To the Editor of the Christian Pioneer. SIR,—My thoughts have been attracted to the above subject frequently, of late, by the perusal of various articles I have met with, in some of our periodical publications and elsewhere, and which appear to have been written from the laudable motive of promoting the extension of Christian charity and Christian liberty in the world, but by what may perhaps be considered very questionable means; viz. by waging an undistinguishing warfare against sectarianism; and by questioning the propriety of using what are set down as mere sectarian, or party names, in designating religious societies; and under such titles the term “ Unitarian" has been included. But
it would not be difficult to show, that this term is not a mere “party name,” but a distinctive, and descriptive appellation, distinctive as marking one of the two great divisions of the religious world, and descriptive of the great principle (taught by nature and revelation of the oneness and sole supremacy of the Sovereign Ruler of the universe. But 'my object at the present time is, not so much to defend the use of sectarian or distinctive appellations, as to offer a few remarks on sectarianism itself; and to show, that when exclusive bigotry and denunciatory intolerance form the ruling spirit of the land, sectarianism may become the ark of preservation, where Gospel simplicity, Christian charity, and Christian liberty, may ride in safety, free from the devastating floods of unreflecting and intolerant fanaticism.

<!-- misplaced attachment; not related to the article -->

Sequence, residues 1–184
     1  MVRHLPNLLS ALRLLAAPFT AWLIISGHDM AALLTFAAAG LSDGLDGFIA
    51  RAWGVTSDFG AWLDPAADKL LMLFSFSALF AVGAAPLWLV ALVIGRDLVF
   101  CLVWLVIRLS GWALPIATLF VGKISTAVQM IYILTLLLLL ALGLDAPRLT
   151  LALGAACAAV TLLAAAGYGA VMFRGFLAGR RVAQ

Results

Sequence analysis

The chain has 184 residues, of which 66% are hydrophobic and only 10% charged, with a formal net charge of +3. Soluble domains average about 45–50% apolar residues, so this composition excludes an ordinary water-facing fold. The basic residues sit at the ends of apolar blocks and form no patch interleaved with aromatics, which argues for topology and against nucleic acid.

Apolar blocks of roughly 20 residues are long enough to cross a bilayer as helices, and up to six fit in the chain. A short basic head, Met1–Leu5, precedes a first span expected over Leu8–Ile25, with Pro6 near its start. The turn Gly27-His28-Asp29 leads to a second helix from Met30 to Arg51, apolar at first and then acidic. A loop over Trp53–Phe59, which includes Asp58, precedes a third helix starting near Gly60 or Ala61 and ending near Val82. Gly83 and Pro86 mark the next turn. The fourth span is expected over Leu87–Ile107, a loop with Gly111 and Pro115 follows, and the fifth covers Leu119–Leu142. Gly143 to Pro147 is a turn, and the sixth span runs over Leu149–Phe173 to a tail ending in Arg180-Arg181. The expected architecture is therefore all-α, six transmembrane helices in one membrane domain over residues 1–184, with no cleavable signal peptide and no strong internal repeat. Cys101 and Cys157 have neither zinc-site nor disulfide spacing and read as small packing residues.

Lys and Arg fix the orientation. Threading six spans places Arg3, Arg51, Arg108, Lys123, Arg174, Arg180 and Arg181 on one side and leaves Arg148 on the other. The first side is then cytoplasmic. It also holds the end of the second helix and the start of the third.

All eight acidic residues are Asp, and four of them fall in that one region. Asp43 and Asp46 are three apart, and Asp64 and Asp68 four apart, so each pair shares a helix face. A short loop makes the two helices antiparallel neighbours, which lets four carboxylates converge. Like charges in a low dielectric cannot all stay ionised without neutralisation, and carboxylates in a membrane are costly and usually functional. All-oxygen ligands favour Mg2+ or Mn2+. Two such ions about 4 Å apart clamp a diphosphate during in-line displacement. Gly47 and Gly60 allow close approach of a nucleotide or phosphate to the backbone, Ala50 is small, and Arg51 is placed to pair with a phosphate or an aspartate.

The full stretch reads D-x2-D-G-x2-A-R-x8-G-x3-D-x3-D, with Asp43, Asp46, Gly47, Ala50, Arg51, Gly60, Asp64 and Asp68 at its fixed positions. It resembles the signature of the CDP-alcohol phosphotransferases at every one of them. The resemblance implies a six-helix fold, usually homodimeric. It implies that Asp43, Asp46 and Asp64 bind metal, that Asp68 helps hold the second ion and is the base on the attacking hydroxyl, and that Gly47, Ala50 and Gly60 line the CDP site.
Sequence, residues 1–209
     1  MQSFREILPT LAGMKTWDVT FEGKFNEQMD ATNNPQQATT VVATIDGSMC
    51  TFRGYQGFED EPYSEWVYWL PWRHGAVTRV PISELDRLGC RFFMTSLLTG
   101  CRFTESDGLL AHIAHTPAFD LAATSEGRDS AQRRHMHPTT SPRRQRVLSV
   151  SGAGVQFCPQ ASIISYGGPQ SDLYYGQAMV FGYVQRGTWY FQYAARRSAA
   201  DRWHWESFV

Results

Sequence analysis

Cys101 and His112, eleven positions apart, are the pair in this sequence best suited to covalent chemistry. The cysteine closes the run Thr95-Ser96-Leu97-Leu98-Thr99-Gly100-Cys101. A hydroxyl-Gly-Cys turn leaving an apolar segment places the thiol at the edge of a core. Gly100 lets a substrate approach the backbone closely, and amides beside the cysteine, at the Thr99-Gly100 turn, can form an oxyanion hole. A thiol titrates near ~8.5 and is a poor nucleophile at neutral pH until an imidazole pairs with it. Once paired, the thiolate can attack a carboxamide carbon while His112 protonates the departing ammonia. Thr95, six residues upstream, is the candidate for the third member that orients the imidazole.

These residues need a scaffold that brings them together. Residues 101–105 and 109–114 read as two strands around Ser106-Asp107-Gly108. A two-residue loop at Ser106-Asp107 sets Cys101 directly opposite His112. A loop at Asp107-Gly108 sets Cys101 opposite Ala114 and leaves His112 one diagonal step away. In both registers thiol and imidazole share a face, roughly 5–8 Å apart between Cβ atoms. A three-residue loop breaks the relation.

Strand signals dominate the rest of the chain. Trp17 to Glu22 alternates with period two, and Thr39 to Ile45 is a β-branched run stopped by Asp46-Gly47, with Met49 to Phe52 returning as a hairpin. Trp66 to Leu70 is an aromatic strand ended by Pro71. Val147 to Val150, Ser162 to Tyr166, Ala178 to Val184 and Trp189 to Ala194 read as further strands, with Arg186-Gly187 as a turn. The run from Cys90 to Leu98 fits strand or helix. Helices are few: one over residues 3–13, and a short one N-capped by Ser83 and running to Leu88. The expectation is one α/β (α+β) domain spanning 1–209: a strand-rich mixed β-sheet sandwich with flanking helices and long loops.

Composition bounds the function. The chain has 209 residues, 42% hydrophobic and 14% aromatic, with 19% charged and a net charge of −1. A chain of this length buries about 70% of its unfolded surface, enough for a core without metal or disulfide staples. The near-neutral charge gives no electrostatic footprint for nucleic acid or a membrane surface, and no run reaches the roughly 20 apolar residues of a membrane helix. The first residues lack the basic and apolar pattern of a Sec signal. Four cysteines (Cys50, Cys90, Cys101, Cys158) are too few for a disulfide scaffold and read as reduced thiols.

Some persons are fond of imagining, that, by giving a little, and taking a little, we might soon establish that state of things, “when all creeds shall be massed and mingled together in one levelling glow of Christian light and love”! This is very beautiful in sound, but as Utopian and incongruous as the union of words can make it. « All creeds massed and mingled together”!—why, what a heterogeneous mass, or rather mess, would be produced, supposing an equal portion of each various part! But, in the commingling of Unitarianism with Trinitarianism, this would certainly not be the case; for Unitarianism, in losing its identity and its distinctiveness, would lose also its influence and its usefulness. It would be like the commingling of water with fire, which indeed is known chemically to exist; but owing to the vast disproportion of the one to the other, the fire only is seen, and its influence only is felt. Or, it would be like the commingling of the fresh inland mountain-stream, with the saline waters of the boundless sea; where its peculiar qualities would be no longer available-where it would be lost in the mighty mass, and literally exist only as “ a drop in the ocean;' while, in its original distinctive character, in its various journeyings through the land, its uncontaminated waters might give life and breath and vigour to all within its course. It is chiefly by the separation of the pure liquid particles from the ocean mass, that the refreshing dews and the genial showers are made to descend on the earth, causing the seed to put forth the blade and the ear, and to bring forth in the produce of the harvest, forty, sixty, or even a hundred-fold. So it is with the simple uncorrupted doctrines of Unitarian Christianity: preserve their identity and their distinctiveness, and we preserve their value and their usefulness. But sacrifice these to mere Utopian ideas, to theoretical, closet-born notions of Christian union, or to an extremely sensitive fastidiousness with regard to sectarianism, and we sacrifice the means of hastening the establishment of Christianity in real practical utility and gospel purity. If we cease to exert ourselves to propagate, in its distinctive character, that truth which shall - make us free”-if we thus peril our principles, and cease to hold fast our integrity—if we thus sacrifice our power of preserving and extending the pure principles of the Reformation, under the idea of promoting Christian charity in the world, or of promoting unity with our brethren of other denominations, we sacrifice that which,